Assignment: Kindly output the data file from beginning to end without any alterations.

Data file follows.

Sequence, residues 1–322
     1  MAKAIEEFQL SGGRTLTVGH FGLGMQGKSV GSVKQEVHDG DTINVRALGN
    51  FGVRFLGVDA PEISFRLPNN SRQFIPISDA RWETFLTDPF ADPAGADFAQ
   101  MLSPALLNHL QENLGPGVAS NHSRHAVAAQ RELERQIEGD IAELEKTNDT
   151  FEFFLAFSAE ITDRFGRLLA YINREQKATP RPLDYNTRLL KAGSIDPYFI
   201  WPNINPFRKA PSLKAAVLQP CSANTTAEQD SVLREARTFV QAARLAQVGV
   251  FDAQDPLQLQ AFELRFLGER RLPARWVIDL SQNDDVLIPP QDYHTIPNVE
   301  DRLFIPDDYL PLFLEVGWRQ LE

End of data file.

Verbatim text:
Sequence, residues 1–322
     1  MAKAIEEFQL SGGRTLTVGH FGLGMQGKSV GSVKQEVHDG DTINVRALGN
    51  FGVRFLGVDA PEISFRLPNN SRQFIPISDA RWETFLTDPF ADPAGADFAQ
   101  MLSPALLNHL QENLGPGVAS NHSRHAVAAQ RELERQIEGD IAELEKTNDT
   151  FEFFLAFSAE ITDRFGRLLA YINREQKATP RPLDYNTRLL KAGSIDPYFI
   201  WPNINPFRKA PSLKAAVLQP CSANTTAEQD SVLREARTFV QAARLAQVGV
   251  FDAQDPLQLQ AFELRFLGER RLPARWVIDL SQNDDVLIPP QDYHTIPNVE
   301  DRLFIPDDYL PLFLEVGWRQ LE